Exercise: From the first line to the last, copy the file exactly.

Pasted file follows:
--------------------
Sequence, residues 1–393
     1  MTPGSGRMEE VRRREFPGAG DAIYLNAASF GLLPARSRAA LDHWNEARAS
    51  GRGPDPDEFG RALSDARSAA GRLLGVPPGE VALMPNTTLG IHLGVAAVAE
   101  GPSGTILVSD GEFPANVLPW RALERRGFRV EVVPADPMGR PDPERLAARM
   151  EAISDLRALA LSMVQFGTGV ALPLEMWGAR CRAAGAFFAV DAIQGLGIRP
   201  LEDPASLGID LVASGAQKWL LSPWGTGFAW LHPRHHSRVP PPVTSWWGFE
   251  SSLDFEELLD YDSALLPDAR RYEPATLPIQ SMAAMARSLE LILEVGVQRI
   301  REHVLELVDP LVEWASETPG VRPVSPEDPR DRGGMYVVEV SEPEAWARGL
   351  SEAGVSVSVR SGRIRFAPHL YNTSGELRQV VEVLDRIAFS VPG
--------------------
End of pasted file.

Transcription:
Sequence, residues 1–393
     1  MTPGSGRMEE VRRREFPGAG DAIYLNAASF GLLPARSRAA LDHWNEARAS
    51  GRGPDPDEFG RALSDARSAA GRLLGVPPGE VALMPNTTLG IHLGVAAVAE
   101  GPSGTILVSD GEFPANVLPW RALERRGFRV EVVPADPMGR PDPERLAARM
   151  EAISDLRALA LSMVQFGTGV ALPLEMWGAR CRAAGAFFAV DAIQGLGIRP
   201  LEDPASLGID LVASGAQKWL LSPWGTGFAW LHPRHHSRVP PPVTSWWGFE
   251  SSLDFEELLD YDSALLPDAR RYEPATLPIQ SMAAMARSLE LILEVGVQRI
   301  REHVLELVDP LVEWASETPG VRPVSPEDPR DRGGMYVVEV SEPEAWARGL
   351  SEAGVSVSVR SGRIRFAPHL YNTSGELRQV VEVLDRIAFS VPG